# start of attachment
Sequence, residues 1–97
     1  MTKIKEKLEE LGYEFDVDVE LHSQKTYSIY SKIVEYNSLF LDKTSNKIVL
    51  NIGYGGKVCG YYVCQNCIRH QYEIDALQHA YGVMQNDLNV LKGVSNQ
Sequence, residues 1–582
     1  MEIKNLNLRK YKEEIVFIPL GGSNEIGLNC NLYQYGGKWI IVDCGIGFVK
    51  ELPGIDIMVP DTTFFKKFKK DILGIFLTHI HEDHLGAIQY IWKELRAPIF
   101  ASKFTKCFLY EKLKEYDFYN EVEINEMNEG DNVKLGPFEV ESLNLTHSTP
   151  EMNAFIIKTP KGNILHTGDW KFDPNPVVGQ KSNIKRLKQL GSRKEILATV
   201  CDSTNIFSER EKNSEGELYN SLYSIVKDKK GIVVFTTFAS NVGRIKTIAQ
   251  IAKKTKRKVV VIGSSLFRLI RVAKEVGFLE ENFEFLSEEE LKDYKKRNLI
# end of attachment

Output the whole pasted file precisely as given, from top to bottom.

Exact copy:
Sequence, residues 1–97
     1  MTKIKEKLEE LGYEFDVDVE LHSQKTYSIY SKIVEYNSLF LDKTSNKIVL
    51  NIGYGGKVCG YYVCQNCIRH QYEIDALQHA YGVMQNDLNV LKGVSNQ
Sequence, residues 1–582
     1  MEIKNLNLRK YKEEIVFIPL GGSNEIGLNC NLYQYGGKWI IVDCGIGFVK
    51  ELPGIDIMVP DTTFFKKFKK DILGIFLTHI HEDHLGAIQY IWKELRAPIF
   101  ASKFTKCFLY EKLKEYDFYN EVEINEMNEG DNVKLGPFEV ESLNLTHSTP
   151  EMNAFIIKTP KGNILHTGDW KFDPNPVVGQ KSNIKRLKQL GSRKEILATV
   201  CDSTNIFSER EKNSEGELYN SLYSIVKDKK GIVVFTTFAS NVGRIKTIAQ
   251  IAKKTKRKVV VIGSSLFRLI RVAKEVGFLE ENFEFLSEEE LKDYKKRNLI